This rather extreme example of civil asset forfeiture has been getting some deserved attention recently:
A U.S. citizen for more than a decade, Rustem Kazazi was flying back to Europe to help his Albanian family repair their home and maybe even to buy a little beach house somewhere along the Adriatic Sea. He placed $58,100 into three clearly marked envelopes, then packed the money away in his carry-on luggage.
It was 13 years of his life savings – and the federal government took every penny.
TSA employees discovered the cash, and agents with U.S. Customs and Border Protection seized it. But first they strip-searched Kazazi and interrogated the 64-year-old without a translator as he covered himself with a towel.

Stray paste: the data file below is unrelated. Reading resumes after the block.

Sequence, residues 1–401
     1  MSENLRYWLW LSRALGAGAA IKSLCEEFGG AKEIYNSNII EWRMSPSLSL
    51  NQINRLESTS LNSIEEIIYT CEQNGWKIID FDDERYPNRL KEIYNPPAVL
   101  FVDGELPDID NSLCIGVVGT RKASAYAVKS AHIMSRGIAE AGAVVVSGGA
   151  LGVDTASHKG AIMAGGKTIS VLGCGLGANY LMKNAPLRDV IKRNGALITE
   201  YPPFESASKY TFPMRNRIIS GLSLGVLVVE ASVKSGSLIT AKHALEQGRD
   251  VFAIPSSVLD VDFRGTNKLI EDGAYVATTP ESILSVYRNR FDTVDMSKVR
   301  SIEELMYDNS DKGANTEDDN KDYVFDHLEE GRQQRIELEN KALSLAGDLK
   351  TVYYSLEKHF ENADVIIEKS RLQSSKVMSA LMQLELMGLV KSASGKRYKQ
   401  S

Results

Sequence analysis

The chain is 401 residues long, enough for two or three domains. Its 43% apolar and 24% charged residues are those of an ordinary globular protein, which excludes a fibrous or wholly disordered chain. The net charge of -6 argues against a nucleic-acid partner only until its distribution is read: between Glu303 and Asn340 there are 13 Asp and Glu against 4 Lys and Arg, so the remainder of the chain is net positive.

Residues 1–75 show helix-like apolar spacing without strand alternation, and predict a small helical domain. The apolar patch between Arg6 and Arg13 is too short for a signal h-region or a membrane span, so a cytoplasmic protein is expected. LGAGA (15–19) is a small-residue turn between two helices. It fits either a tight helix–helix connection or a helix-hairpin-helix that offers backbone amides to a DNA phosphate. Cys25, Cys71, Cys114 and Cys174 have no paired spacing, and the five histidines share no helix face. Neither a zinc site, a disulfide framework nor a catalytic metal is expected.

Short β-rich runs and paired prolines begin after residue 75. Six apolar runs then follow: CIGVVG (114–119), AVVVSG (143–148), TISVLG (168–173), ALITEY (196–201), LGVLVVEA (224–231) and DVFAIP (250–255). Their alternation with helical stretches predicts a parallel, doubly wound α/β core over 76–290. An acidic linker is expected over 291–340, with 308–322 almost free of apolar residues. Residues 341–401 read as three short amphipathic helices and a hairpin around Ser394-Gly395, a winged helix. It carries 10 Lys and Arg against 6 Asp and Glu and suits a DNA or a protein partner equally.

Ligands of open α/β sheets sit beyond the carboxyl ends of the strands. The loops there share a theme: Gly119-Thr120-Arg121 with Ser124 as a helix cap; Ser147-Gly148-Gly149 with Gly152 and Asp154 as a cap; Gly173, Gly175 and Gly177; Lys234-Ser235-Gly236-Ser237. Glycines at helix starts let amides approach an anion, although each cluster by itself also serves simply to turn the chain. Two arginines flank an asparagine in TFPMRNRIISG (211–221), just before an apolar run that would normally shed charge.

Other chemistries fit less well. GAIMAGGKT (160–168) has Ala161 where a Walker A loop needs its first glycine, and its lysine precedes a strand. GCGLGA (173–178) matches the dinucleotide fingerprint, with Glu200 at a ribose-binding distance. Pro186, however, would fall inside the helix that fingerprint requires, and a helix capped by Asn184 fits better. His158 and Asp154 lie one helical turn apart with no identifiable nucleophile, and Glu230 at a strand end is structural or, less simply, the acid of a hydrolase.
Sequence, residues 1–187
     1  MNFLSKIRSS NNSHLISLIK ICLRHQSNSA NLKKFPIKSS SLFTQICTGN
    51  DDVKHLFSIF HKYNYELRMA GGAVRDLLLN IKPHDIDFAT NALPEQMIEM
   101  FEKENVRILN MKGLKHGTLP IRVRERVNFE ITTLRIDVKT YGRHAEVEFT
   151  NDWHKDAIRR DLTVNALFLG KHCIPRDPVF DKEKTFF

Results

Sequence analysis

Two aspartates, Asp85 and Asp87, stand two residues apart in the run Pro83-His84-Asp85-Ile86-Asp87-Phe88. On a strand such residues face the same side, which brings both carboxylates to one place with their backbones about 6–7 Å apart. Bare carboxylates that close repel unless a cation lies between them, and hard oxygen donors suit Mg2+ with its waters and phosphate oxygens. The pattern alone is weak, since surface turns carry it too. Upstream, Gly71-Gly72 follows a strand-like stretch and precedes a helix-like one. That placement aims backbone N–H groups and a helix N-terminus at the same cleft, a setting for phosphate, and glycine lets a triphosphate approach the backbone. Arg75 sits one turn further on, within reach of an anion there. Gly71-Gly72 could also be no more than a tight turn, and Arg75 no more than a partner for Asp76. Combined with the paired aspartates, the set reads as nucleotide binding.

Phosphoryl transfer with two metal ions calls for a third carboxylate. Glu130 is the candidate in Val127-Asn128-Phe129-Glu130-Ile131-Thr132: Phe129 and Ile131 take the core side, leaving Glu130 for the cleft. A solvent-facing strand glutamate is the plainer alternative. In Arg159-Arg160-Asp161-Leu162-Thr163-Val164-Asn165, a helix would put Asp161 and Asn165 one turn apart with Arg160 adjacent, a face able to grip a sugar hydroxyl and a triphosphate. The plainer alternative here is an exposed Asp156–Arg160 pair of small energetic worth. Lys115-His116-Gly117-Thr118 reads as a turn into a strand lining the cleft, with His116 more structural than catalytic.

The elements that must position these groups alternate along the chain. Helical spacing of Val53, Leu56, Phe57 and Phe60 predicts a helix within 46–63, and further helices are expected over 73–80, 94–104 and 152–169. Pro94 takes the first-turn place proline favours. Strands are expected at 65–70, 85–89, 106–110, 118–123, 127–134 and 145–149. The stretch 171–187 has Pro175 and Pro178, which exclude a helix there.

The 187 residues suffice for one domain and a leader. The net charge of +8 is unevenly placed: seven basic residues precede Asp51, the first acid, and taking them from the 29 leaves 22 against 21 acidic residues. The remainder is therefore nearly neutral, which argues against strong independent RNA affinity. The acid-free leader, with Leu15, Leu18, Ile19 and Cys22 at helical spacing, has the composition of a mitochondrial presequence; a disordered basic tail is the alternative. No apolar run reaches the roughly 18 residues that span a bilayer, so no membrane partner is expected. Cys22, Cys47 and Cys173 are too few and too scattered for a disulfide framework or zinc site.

Kazazi says he was carrying the cash in part because robbers in Albania make a practice of targeting people who make large withdrawals at the bank. In the United States, it seems, the government makes a practice of scanning luggage for cash and taking it away. In one case, the target may be beaten; in the other, he’ll be strip searched and interrogated in a towel.